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Donald K. Burleson

Oracle Utilities Tips


Testing Connectivity

 

The three main things to check for when diagnosing remote database connection problems are the machine, the listener, and the database. The utilities that can be used to test each one of these include ping, tnsping, and a database connection, as depicted in Figure 7.1.

The ping utility is used to test the connectivity to a remote machine. ping will indicate whether a remote server is accessible and responding. If the ping command indicates that a machine cannot be accessed, the other connectivity tests will also fail.

The ping utility is usually found in /usr/sbin on UNIX machines and simply reports the health of the remote machine specified:

$ ping asgard
asgard is alive

Used with the –s option, ping will show the packets received and timing information.

oracle@asgard:/usr/sbin > ping -s grace

PING gracelan: 56 data bytes
64 bytes from grace.bmc.com (172.18.16.215): icmp_seq=0. time=0. ms
64 bytes from grace.bmc.com (172.18.16.215): icmp_seq=1. time=0. ms
64 bytes from grace.bmc.com (172.18.16.215): icmp_seq=2. time=2. ms
64 bytes from grace.bmc.com (172.18.16.215): icmp_seq=3. time=0. ms
64 bytes from grace.bmc.com (172.18.16.215): icmp_seq=4. time=0. ms
64 bytes from grace.bmc.com (172.18.16.215): icmp_seq=5. time=0. ms

----gracelan PING Statistics----
6 packets transmitted, 6 packets received, 0% packet loss
round-trip (ms) min/avg/max = 0/0/2


The ping command can also be executed at the DOS prompt on Windows machines to test client-to-server connectivity:

D:\> ping asgard

Pinging asgard.bmc.com [198.64.245.67] with 32 bytes of data:

Reply from 198.64.245.67: bytes=32 time<10ms TTL=254
Reply from 198.64.245.67: bytes=32 time<10ms TTL=254
Reply from 198.64.245.67: bytes=32 time<10ms TTL=254
Reply from 198.64.245.67: bytes=32 time<10ms TTL=254


Once connectivity to the host is confirmed with ping, the next connection to test is the listener. The tnsping utility is used to determine whether or not an Oracle service can be successfully reached. If a connection can be established from a client to a server (or server to server), tnsping will report the number of milliseconds it took to reach the remote service. If unsuccessful, a network error will be displayed. However, tnsping will only report if the listener process is up and provides no indication of the state of the database.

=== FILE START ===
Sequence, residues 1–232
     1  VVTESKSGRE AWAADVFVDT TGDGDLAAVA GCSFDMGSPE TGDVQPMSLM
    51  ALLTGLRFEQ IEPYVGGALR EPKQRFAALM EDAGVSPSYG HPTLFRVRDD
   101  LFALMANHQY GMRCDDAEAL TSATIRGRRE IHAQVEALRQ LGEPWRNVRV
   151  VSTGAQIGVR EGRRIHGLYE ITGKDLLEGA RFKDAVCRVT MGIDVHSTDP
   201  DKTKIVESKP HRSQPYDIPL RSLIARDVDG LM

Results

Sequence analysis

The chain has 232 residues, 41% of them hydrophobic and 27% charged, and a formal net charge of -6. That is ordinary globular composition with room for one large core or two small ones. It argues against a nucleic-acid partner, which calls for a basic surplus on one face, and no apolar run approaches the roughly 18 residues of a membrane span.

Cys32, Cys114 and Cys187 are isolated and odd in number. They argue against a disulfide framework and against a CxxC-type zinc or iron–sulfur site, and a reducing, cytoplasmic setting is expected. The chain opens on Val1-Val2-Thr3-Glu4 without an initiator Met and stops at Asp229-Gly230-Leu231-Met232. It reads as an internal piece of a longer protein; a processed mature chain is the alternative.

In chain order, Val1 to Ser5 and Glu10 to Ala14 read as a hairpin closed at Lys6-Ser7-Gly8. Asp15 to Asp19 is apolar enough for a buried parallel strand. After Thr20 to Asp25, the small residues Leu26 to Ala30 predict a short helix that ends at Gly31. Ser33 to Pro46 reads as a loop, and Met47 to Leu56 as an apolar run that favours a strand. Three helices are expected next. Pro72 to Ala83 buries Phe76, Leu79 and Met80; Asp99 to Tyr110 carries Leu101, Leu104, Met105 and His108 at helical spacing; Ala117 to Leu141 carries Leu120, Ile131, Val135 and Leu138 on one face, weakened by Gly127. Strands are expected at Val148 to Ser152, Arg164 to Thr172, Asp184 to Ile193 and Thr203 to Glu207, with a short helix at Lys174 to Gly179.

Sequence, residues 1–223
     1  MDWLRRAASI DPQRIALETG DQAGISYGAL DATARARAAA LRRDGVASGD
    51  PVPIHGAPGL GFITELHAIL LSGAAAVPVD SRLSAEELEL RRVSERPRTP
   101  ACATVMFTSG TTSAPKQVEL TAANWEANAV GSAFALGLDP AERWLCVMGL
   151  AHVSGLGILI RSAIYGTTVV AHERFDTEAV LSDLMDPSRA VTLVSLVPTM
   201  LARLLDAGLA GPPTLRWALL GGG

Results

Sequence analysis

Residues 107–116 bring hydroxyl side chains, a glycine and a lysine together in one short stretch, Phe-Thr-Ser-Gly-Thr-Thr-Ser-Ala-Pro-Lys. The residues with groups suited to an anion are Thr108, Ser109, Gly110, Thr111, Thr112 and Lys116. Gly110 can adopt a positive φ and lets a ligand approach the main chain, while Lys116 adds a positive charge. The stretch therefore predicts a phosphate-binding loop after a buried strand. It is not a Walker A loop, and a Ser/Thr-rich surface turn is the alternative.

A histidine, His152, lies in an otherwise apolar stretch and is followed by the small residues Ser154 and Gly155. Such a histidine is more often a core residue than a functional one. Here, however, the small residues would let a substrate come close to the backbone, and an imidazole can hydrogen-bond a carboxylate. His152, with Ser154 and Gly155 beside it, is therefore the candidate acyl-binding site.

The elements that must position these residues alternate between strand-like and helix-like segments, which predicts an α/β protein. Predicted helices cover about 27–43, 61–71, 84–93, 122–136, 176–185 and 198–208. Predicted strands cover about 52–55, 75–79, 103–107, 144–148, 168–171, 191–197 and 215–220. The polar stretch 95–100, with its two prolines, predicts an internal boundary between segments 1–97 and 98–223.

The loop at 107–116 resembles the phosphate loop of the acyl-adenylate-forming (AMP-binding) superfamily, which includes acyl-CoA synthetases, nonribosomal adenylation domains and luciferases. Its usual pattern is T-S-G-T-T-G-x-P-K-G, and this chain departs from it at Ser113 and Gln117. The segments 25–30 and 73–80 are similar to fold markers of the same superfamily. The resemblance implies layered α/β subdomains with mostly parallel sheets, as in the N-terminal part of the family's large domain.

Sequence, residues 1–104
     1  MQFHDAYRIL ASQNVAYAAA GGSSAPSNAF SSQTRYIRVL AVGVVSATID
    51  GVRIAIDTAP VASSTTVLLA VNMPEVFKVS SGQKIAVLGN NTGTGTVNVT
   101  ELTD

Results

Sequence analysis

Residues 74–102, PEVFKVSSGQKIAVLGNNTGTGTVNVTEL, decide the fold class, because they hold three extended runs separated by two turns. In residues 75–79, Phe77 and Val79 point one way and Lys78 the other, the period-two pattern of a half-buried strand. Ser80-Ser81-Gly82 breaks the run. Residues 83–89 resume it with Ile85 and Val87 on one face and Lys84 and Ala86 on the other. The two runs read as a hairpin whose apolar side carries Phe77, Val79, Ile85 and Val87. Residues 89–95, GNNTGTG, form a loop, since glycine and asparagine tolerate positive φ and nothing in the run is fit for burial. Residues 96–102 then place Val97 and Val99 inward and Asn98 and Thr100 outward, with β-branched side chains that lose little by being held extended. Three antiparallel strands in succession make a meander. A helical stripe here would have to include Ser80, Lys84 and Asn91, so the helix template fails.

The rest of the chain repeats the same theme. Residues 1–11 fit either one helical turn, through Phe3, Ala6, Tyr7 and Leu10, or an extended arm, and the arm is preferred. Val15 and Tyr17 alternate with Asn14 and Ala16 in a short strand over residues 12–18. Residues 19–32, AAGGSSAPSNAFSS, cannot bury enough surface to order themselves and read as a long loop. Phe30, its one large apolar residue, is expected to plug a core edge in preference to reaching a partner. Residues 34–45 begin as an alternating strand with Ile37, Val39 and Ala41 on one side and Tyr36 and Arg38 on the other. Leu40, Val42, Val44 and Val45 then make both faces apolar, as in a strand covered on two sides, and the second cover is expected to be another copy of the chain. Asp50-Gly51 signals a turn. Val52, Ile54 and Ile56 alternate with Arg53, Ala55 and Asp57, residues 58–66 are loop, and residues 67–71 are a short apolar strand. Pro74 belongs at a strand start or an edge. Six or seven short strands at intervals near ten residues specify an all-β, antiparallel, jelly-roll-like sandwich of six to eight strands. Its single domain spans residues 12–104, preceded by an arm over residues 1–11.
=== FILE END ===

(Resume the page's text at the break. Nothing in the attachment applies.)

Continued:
$ tnsping <net service name> <count>

The “net service name” must exist in the tnsnames.ora file. This file is used by clients and database servers to identify server destinations. It stores the service names and database addresses. The “count” parameter is optional and will show the number of times the command should try to connect to the specified service name.

$ tnsping GRACELANV8_GRA901m 5

TNS Ping Utility for Solaris: Version 9.2.0.1.0 - Production on 03-JAN-2003 14:47:09

Copyright (c) 1997 Oracle Corporation. All rights reserved.

Used parameter files:
/usr/oracle/9.2.0/network/admin/sqlnet.ora

Used TNSNAMES adapter to resolve the alias
Attempting to contact (DESCRIPTION= (ADDRESS= (PROTOCOL=TCP) (HOST=gracelan)
(PORT=1525)) (CONNECT_DATA= (SID=GRA901m)))
OK (80 msec)
OK (10 msec)
OK (10 msec)
OK (0 msec)
OK (10 msec)


The result from the tnsping command above shows 80 milliseconds (ms) were required for the first “ping”. During this time period, the alias GRACELANV8_GRA901m from the local tnsnames.ora file was retrieved, a DNS of the host “gracelan” was resolved, and the TNS connect and refuse packets were transported. The second trip took only 10 ms because all of the connection information was already cached.
 


To learn more about these techniques, see the book "Advanced Oracle Utilities: The Definitive Reference". 

You can buy it directly from the publisher and get instant access to the code depot of utilities scripts.


 

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